Ok, I’ve gotten off-track again. I don’t think talking about how Tamers improves on things from the first two seasons is going to convince many to watch this, as most who are going to be skeptical of the thing are skeptical because it is a show about kids with monsters, not because of anything to do with the particulars of one series of the franchise to the next. But for the five of you out there who liked Digimon but didn’t watch Tamers for some reason… yeah, guess those paragraphs were for you.
I should, of course, remind you that this is nevertheless a children’s show. So, no, don’t expect it to be Lain or Narutaru. At the same time, it also avoids being condescending – someone dies, and there is no warm fuzziness about them immediately reincarnating (although reincarnation obviously does not necessarily equate with warm, fuzziness) or resurrecting. They stay dead, and it has tangible effects on both the characters and the story. Someone has serious family problems that aren’t waved away in a cloud of sparkles and lessons learned over cake.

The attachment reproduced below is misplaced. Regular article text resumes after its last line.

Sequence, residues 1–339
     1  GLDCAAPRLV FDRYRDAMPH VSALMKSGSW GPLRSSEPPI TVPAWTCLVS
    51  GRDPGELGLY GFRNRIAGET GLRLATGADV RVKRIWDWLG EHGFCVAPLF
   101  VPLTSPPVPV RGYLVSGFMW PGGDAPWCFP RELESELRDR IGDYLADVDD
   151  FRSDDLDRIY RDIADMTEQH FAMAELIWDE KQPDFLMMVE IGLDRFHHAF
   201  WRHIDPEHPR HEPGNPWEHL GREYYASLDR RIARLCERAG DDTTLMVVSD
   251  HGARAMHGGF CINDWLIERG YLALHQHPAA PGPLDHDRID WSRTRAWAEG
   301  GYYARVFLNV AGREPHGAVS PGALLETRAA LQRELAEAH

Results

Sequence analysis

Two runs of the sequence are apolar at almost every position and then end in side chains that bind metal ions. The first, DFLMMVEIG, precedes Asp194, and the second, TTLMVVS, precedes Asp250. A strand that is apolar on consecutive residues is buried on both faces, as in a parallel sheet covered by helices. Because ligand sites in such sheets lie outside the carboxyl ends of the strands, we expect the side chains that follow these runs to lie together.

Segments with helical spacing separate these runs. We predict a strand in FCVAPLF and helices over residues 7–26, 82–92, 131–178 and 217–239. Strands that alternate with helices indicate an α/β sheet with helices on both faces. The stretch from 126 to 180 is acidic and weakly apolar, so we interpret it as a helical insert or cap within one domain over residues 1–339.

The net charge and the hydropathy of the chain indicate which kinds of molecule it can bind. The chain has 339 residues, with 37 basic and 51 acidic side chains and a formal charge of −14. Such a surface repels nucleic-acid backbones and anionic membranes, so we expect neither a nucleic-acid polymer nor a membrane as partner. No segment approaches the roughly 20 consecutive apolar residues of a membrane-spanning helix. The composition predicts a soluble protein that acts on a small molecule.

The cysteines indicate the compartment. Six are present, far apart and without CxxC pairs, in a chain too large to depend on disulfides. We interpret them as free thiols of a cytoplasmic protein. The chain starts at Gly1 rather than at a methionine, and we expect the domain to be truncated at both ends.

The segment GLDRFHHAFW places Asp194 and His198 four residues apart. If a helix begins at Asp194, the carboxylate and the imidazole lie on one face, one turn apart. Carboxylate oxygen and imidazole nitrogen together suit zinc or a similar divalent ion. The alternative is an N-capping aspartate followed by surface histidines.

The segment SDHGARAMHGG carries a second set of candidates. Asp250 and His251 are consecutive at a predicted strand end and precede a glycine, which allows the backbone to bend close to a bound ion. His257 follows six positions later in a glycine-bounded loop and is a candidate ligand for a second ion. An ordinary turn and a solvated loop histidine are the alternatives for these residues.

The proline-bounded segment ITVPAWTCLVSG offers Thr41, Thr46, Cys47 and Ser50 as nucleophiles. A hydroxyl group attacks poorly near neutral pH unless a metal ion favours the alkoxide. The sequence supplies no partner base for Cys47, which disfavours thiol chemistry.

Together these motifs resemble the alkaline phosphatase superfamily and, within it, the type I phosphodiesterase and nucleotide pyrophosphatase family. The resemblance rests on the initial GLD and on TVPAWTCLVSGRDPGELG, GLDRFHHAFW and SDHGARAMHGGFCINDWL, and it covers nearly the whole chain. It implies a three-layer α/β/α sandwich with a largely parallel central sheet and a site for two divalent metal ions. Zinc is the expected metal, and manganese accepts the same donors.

So, here it all is. It’s streaming, it’s legal, it’s free, and it’s subtitled. You have no excuse to not at least give it a chance when someone is practically handing it to you on a silver platter.
And for those of you outside of Hulu’s purview… just email me. I can hook you up. *winkwinknudgenudgedarksunglassesatnightonastreetcorner*
As an aside to all of this, I feel like mentioning how in the re-watch Yamaki comes across as much, much, much creepier than he did when I originally watched this as a twelve and thirteen year old. As an adult, his behavior to me screams pedophile. I don’t mean he leers at kids or something. But he picks on them and threatens them, and his interactions with Jenrya in particular make me squirm.